|Publication number||US5382911 A|
|Application number||US 08/037,879|
|Publication date||Jan 17, 1995|
|Filing date||Mar 29, 1993|
|Priority date||Mar 29, 1993|
|Publication number||037879, 08037879, US 5382911 A, US 5382911A, US-A-5382911, US5382911 A, US5382911A|
|Inventors||Tina J. Cotler, John C. Forster, Lawrence A. Kropp, Jyothi Singh|
|Original Assignee||International Business Machines Corporation|
|Export Citation||BiBTeX, EndNote, RefMan|
|Patent Citations (10), Referenced by (31), Classifications (16), Legal Events (5)|
|External Links: USPTO, USPTO Assignment, Espacenet|
The invention generally relates to the monitoring of electrode spacing in semiconductor wafer reaction chambers and, more particularly, to a non-intrusive technique which does not require that the chamber be opened for direct measurement using gauges or for indirect measurement using depositions upon monitor wafers.
Interelectrode gap spacing is a critical parameter in certain reaction chambers such as, for example, plasma enhanced chemical vapor deposition (PECVD) chambers. The parallelism and spacing of the plate electrodes in PECVD chambers affects the physics and the chemistry of the plasma discharge due to changes in the power density, residence time, etc., and strongly impacts the uniformity of the film thickness deposited across the wafers placed therein. When the chamber is in continuous use, the preestablished electrode spacing and parallelism may drift with time away from the desired settings. Consequently, the electrode spacing and parallelism needs to be checked periodically. It also has been noted that the interelectrode gap is sometimes inadvertently disturbed when routine or other maintenance is done on the chamber.
Conventional procedures used for checking the electrode spacing and parallelism require that the chamber be opened to allow the insertion of a calibrated spacing bar. This approach involves a cooling cycle and purging the system before the chamber can be opened. An alternative technique utilizes the running of a spacing matrix where the spacing is varied in small increments, e.g., 5 mil increments over a range of 20 mils, and the resulting film uniformity is observed on monitor wafers. The latter method requires the use of a fair number of monitor wafers which is an added expense. Both methods typically can take up to four hours, not including the time necessary to pump all atmospheric contaminants out of the system again, and bring the chamber to thermal equilibrium at the desired process temperature.
One object of the present invention is to provide a non-intrusive means and method for monitoring the interelectrode plate spacing in a semiconductor wafer reaction chamber.
Another object is to provide a non-intrusive means and method for monitoring the interelectrode plate spacing in a plasma enhanced chemical vapor deposition (PECVD) chamber.
These and other objects of the present invention are achieved in a preferred embodiment by treating the parallel plate electrode system already in place in PECVD chambers as a parallel plate capacitor. Although there are also some secondary distributed capacitive effects at play in the chamber, the parallel plate electrode system is the predominant capacitor which changes value when plate spacing is changed or varied.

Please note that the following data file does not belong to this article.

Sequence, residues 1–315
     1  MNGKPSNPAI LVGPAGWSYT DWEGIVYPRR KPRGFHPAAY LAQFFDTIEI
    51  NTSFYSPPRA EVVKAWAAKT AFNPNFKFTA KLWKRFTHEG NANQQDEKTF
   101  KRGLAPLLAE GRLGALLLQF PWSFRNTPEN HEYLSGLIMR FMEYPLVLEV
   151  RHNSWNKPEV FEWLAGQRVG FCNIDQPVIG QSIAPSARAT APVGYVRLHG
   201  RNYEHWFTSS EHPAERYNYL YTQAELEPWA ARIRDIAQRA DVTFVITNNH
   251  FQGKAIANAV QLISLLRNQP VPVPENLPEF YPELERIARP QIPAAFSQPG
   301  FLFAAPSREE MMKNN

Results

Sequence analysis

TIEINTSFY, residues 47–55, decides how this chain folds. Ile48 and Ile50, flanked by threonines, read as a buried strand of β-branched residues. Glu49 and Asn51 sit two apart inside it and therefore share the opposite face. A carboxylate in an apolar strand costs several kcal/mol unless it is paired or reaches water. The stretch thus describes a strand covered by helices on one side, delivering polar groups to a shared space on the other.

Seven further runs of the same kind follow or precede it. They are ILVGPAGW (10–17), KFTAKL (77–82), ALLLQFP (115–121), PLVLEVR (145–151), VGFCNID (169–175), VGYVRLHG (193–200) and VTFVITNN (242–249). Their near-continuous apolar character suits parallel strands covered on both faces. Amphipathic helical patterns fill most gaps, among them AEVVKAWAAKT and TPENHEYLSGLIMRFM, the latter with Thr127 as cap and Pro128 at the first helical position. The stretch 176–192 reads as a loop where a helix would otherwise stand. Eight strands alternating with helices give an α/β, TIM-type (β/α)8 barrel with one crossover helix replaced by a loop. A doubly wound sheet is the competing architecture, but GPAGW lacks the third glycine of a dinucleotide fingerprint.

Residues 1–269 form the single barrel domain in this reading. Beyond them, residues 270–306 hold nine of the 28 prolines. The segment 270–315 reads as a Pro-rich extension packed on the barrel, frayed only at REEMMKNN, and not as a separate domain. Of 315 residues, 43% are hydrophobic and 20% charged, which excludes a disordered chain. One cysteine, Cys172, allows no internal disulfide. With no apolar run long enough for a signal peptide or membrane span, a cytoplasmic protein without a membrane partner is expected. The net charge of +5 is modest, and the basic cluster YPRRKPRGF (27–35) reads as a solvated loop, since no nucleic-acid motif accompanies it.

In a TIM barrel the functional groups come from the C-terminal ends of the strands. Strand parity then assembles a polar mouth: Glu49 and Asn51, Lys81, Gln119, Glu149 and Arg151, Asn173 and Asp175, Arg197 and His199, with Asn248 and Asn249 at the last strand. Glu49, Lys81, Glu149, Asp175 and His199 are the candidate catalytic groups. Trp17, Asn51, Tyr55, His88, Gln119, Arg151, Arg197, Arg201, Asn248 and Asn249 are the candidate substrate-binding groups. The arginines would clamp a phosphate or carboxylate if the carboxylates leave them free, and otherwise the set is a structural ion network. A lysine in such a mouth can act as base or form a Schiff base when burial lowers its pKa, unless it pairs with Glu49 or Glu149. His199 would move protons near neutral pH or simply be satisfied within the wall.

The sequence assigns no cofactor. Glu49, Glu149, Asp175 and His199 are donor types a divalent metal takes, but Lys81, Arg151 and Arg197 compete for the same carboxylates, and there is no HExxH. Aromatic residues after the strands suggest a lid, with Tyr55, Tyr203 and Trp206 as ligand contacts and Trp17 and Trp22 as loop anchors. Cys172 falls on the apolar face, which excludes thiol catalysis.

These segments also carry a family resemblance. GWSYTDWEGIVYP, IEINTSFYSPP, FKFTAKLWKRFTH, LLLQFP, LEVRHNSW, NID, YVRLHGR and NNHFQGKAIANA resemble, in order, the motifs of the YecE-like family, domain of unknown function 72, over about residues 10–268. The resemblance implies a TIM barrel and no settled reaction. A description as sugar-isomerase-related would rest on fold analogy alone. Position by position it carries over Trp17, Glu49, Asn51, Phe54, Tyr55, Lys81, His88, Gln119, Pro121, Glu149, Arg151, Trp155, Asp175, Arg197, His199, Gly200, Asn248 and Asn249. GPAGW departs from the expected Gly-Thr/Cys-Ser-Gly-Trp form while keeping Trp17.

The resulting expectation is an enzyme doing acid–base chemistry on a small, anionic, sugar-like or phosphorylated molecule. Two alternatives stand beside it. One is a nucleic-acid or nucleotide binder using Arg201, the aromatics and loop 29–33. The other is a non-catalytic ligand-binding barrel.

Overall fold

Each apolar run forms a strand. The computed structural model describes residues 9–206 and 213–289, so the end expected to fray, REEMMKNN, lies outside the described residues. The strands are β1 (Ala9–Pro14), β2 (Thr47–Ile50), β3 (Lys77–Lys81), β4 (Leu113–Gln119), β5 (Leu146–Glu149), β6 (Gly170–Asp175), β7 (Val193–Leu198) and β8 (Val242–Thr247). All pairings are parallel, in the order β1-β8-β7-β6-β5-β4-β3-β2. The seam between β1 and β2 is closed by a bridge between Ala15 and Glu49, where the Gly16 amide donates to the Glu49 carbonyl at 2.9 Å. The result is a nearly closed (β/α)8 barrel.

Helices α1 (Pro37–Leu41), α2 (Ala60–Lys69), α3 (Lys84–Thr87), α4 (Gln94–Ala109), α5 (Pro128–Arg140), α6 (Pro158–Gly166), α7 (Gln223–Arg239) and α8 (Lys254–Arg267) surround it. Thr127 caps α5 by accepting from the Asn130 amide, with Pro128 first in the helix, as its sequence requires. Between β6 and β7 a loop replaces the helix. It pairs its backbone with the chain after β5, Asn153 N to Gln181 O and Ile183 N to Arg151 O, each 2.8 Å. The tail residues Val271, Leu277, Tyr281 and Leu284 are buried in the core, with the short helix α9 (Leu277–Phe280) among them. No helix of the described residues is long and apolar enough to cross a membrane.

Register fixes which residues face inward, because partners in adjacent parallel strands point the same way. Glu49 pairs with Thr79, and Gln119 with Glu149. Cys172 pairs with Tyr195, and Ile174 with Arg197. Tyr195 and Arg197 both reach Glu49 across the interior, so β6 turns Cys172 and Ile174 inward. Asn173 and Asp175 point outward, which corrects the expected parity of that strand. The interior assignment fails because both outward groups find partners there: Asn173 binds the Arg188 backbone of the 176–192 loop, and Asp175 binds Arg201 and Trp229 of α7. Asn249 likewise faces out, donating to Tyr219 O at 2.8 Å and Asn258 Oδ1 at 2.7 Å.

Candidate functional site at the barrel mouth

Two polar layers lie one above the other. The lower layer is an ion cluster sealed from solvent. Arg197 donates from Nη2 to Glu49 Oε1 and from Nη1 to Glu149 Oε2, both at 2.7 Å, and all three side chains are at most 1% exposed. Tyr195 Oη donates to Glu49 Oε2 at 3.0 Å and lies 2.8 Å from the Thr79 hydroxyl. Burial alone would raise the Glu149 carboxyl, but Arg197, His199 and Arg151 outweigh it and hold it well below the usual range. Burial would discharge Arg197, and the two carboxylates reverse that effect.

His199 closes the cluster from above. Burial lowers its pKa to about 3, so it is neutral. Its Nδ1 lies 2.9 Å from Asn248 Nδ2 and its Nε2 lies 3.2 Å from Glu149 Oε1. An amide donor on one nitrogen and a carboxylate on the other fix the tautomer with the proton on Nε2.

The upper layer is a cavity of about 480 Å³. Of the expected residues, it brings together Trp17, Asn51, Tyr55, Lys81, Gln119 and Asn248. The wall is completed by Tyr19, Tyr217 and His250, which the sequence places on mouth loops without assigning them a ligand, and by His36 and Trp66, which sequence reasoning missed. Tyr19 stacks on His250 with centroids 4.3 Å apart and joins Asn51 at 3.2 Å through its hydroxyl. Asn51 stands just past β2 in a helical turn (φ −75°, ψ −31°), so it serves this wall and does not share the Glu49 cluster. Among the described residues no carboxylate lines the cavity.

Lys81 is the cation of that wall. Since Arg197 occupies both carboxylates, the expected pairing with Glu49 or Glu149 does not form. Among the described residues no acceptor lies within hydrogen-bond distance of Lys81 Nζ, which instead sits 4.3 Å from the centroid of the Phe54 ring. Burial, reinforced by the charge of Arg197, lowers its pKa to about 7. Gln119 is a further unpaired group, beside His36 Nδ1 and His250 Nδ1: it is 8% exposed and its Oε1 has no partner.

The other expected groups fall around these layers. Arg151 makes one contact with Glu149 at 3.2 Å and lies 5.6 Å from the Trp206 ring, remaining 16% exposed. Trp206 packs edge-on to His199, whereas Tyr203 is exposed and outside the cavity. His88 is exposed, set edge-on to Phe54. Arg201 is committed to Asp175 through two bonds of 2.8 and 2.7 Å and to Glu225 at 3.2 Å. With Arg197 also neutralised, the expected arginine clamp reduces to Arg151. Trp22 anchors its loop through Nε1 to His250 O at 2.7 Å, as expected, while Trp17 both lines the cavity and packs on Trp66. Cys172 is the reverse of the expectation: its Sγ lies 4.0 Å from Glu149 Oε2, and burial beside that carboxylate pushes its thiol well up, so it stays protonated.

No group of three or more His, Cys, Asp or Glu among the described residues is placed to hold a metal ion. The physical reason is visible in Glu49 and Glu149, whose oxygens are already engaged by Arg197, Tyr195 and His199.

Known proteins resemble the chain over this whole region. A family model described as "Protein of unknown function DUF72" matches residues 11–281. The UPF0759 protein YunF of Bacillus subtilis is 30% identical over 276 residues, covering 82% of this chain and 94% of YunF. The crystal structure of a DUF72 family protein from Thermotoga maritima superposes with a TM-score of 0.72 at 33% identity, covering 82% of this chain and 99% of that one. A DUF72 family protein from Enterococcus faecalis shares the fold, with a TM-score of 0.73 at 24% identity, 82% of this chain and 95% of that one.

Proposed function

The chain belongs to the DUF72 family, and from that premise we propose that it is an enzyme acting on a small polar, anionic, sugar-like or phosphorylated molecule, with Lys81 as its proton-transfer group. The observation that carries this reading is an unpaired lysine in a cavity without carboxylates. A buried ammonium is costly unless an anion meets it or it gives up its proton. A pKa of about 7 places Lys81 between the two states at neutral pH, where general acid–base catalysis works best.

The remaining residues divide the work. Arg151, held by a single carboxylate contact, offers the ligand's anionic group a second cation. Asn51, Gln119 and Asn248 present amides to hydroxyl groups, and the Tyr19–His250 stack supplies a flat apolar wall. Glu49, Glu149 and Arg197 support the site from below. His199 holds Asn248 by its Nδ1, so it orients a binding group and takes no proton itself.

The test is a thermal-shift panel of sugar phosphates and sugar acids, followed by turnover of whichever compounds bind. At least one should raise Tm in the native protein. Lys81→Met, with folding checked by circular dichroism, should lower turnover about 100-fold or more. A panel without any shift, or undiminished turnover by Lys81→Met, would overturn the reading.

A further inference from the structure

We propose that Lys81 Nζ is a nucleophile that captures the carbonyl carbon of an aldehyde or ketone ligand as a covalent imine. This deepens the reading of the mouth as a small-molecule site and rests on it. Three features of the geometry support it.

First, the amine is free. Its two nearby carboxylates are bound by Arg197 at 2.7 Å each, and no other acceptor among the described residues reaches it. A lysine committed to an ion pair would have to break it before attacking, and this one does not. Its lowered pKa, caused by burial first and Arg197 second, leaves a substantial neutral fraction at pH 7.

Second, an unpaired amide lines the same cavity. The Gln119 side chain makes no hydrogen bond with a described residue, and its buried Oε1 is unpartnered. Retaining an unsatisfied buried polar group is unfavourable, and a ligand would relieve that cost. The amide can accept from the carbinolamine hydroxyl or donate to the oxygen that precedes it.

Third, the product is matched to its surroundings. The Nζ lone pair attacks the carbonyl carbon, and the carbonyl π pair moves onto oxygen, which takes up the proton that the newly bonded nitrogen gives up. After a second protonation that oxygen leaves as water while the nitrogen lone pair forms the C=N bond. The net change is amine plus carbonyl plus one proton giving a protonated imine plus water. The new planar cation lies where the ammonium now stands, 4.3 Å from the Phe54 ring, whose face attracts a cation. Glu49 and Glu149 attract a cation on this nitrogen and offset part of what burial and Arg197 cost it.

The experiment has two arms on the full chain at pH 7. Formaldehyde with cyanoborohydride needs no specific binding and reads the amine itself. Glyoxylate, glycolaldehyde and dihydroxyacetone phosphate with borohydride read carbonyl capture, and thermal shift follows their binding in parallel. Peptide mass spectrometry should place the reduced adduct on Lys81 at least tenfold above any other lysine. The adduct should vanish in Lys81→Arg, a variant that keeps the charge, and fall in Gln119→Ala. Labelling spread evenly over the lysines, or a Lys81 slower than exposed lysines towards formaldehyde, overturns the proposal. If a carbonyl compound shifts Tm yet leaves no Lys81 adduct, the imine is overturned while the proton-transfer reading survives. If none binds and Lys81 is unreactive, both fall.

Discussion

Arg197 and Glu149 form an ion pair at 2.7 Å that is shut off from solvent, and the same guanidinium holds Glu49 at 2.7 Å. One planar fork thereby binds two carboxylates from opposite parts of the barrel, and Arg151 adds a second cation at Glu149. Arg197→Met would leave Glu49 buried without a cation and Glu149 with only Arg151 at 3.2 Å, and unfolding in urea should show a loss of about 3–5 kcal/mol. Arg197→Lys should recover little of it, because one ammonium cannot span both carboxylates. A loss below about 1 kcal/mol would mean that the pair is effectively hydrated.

The capacitance of said capacitor is measured and is converted into the value of the gap distance "d" between the plates by means of a preestablished calibration curve. As is well known, capacitance between parallel plates is inversely related to the gap between the plates.
The above-noted calibration curve is employed to evaluate "d" from a capacitance meter-measured value of "C". The calibration curve, in turn, is preestablished by initially ascertaining known values of "d" with the aid of spacer gauges, for example, and then measuring and storing the corresponding values of "C" resulting therefrom when no wafers are in place between the plates. The spacer gauges also establish the necessary parallelism between the opposing plates within the reaction chamber.
Once the calibration curve is established and stored, the spacing and parallelism between the plates can be checked from time to time, as needed, without opening the reaction chamber. In the absence of a wafer (or wafers) on the lower electrode plate, a capacitance value ("C") is measured between the empty plates. The measured "C" is then referred to the stored "d" values curve to determine the corresponding value of "d". Should a wafer (or wafers) be present on the lower plate at the desired time for checking the spacing or parallelism between the plates, the wafer is removed from the lower plate by conventional internal robotic action. By making several "C" measurements, a new curve is experimentally derived which can be compared as to slope with the stored calibration curve to check the parallelism of the plates as well.
FIG. 1 is a simplified cross-sectioned view of a reaction chamber equipped, in accordance with the present invention, for the non-intrusive determination of plate spacing;
FIG. 2 is a typical curve showing a typical relationship between measured values of capacitance and plate spacing within the chamber of FIG. 1; and
FIG. 3 is a typical pair of curves (capacitance versus plate spacing) contrasting the values obtained when the plates within the chamber of FIG. 1 are parallel with the values obtained when the plates are skewed relative to each other.
Referring to FIG. 1, a semiconductor wafer reaction chamber 11, comprising for example, a plasma enhanced chemical vapor (PECVD) deposition chamber is shown. Chamber 11 is conventional and is commercially available. Chamber 11 is equipped internally with a pair of plates 16 and 17 which are treated also as capacitor electrodes in accordance with the present invention. Plate 16 is apertured to admit gas for the establishment of a plasma within the space between the plates as is the standard practice in plasma enhanced deposition processes. A wafer or wafers (not shown) are placed upon the lower plate (susceptor) 17 for the deposition of a desired layer of material as is well known. The separation of movable plate 17 relative to fixed plate 16 is set under the control of stepper motor 18 which is mechanically linked via a bellow vacuum feedthrough 19 to plate 17. The position of plate 16 is fixed relative to chamber 11. Plate 16 is also electrically isolated from chamber 11. In addition, plate 17 is grounded electrically to the walls of chamber 11.